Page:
The First Thing’s First: Prioritize

After taking a sick day, diving back into your work is crucial to maintaining professionalism and showing commitment to your role. Start by skimming through your emails and prioritizing. Look for urgent emails, client emails, or any correspondence related to current projects. Anything that directly affects your work today should be on top of your list.

In my experience, I found using email labels or stars incredibly helpful in managing a bursting inbox. And yes, I know that moment when you see the unread email count. You’ve got this!

Your Next Steps: Responding

Now that you’ve sorted the important from the not-so-important, it’s time to get down to business. Start replying to the most urgent emails first. Remember, concise and to the point is your friend here. No need to pen down a novel. You’ve got other emails waiting!

If there’s an email that requires a detailed response or further research, send a quick note acknowledging the email and stating that you’ll get back to them soon. It’s a good idea to keep people in the loop. And it shows that you’re on top of things, even after a sick day.

Finally, Take a Deep Breath and Dive Back In

Once you’ve tackled your inbox, it’s time to dive back into your usual work today. And yes, it might feel like you’re running a marathon right after recovery. But take it one step at a time. You’re back, you’re healthy, and you’re ready to rock.

Remember, everyone has sick days, and catching up afterwards is just part of the game. Handle it with grace and professionalism, and you’ll not only stay on top of your work, but you’ll also show your commitment to your role. The only thing that spreads faster than a cold in an office? News of your stellar work ethic.

Ready, set, let’s get back to work!

A Symphony of Sniffles: 10 Sick-Day Email Samples for Every Scenario

You’ve got a high fever, a splitting headache, and now you need to draft a sick day email? Talk about adding insult to injury. But don’t worry, I’ve got your back. Here are 10 different sick day email samples, each tailored for a different scenario or approach.

Sample 1: The Classic Sick Day Email

Here’s a straightforward sick day email to cover your bases when you’re feeling under the weather.

Subject Line: Taking a Sick Day – [Your Name]Hi [Manager’s Name],I woke up this morning feeling quite ill and won’t be able to make it to the office today. I plan to return to work tomorrow. I’ll be checking emails intermittently if anything urgent arises.

Best, [Your Name]

Sample 2: Mental Health Day

Mental health is just as important as physical health. This email lets your team know you need a break for personal reasons.

Subject Line: Taking a Mental Health Day – [Your Name]Dear [Manager’s Name],I need to take a day off today for personal reasons. I’ll be back to work tomorrow and can catch up on any important tasks. Thanks for understanding.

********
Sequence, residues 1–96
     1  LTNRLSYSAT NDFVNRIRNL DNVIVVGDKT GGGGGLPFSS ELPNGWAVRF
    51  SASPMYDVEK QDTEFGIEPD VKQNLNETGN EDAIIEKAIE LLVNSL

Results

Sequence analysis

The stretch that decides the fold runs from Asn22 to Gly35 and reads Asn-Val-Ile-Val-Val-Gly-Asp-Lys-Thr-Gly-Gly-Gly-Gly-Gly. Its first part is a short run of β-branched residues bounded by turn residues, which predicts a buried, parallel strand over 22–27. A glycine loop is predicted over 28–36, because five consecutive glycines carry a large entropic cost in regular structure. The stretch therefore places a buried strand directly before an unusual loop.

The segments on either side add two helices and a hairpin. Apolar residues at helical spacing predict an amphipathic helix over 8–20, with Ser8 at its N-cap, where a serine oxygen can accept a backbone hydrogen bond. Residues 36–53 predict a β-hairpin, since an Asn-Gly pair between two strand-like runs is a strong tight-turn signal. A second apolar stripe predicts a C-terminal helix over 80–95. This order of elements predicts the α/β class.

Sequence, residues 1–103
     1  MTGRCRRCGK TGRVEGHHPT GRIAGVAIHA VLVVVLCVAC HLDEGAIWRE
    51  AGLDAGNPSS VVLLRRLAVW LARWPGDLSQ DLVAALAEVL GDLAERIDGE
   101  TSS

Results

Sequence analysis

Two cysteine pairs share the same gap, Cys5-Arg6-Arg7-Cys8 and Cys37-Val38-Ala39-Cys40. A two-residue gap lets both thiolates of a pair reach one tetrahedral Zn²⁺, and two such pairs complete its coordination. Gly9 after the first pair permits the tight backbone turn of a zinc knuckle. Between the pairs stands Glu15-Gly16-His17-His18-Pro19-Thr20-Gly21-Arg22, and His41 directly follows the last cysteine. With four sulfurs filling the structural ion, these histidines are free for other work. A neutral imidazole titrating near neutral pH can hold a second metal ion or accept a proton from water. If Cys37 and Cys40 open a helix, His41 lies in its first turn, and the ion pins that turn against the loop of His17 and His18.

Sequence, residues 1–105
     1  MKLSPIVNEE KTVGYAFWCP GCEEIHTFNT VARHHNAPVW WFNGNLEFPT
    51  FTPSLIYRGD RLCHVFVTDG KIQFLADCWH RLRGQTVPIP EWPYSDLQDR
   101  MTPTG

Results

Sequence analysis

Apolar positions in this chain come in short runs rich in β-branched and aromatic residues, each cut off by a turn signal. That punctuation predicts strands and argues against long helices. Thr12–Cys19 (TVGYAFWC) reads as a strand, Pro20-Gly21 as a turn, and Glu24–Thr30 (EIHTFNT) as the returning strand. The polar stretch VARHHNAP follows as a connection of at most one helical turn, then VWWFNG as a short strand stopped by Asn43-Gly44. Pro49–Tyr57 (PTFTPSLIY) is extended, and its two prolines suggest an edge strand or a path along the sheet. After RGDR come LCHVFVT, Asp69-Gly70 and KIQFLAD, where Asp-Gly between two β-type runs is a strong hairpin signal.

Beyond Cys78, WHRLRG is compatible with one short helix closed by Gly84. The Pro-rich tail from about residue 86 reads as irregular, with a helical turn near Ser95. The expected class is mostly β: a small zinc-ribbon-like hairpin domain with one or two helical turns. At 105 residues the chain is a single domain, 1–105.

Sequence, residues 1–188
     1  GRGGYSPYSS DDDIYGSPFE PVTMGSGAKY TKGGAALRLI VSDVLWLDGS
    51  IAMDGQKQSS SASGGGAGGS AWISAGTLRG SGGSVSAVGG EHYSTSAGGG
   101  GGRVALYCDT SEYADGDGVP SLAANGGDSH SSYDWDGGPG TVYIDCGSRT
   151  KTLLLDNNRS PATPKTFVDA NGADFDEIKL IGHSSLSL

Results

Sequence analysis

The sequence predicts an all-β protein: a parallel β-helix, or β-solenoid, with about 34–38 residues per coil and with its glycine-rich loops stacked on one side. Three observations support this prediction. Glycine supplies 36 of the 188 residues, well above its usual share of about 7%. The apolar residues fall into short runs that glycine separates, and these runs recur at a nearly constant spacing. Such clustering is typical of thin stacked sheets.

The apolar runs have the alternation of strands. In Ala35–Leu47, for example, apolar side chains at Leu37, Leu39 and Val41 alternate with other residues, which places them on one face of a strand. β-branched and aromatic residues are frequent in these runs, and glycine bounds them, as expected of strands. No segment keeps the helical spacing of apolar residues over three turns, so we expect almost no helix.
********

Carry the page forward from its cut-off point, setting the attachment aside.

Best, [Your Name]

Sample 3: Working From Home

You’re not feeling well, but you think you can manage some tasks? This is your go-to email.

Subject Line: Taking a Sick Day – [Your Name] Hi [Manager’s Name], I woke up this morning feeling quite ill and won’t be able to make it to the office today. I plan to return to work tomorrow. I’ll be checking emails intermittently if anything urgent arises.

Best, [Your Name]

Sample 3: Working From Home

You’re not feeling well, but you think you can manage some tasks? This is your go-to email.

Subject Line: Working from Home Today – [Your Name] Hi [Manager’s Name], I woke up feeling unwell today, but I can still manage my tasks from home. I’ll be reachable by email and phone for any urgent matters.

Regards, [Your Name]

Sample 4: Unwell Family Member

When a family member is unwell and needs your attention, this sample can come in handy.

Subject Line: Sick Family Member – [Your Name] Dear [Manager’s Name], A family member of mine is unwell and needs my care. I will be unable to work today but will catch up on my tasks tomorrow.

Sincerely, [Your Name]

Sample 5: No Work Today, But Checking In

This email ensures your team knows you’re sick, but still in the loop.

Subject Line: Out Sick Today, But Available – [Your Name] Hi [Manager’s Name], I’m unwell and won’t be able to work today. However, I’ll be checking in periodically for any important emails or updates.

Regards, [Your Name]

Sample 6: Coming Down with Something

You can feel something brewing, but aren’t sure what it is? Keep it honest and simple.

Subject Line: Feeling Unwell – [Your Name] Hi [Manager’s Name], I’ve started feeling unwell and I think it’s best if I take the day off to rest and recuperate. I will check my emails occasionally for urgent matters.

Best, [Your Name]

Sample 7: Sudden Illness

If an illness has suddenly knocked you off your feet, this email gets straight to the point.

Subject Line: Sudden Illness – [Your Name] Dear [Manager’s Name], I’ve come down with a sudden illness and need to take the day off. I’ll catch up on work as soon as I’m able.

Best, [Your Name]

Sample 8: Long-term Illness

Long-term illnesses require clear communication. This template ensures you don’t miss any important details.

Subject Line: Long-term Illness – [Your Name] Dear [Manager’s Name], I have been diagnosed with [specific illness] and will need to take some time off for treatment and recovery. I will inform HR and we can discuss how best to manage my workload during this period.

Sincerely, [Your Name]

Sample 9: COVID-19 Illness

In these pandemic times, it’s important to have a specific email for COVID-related sick days.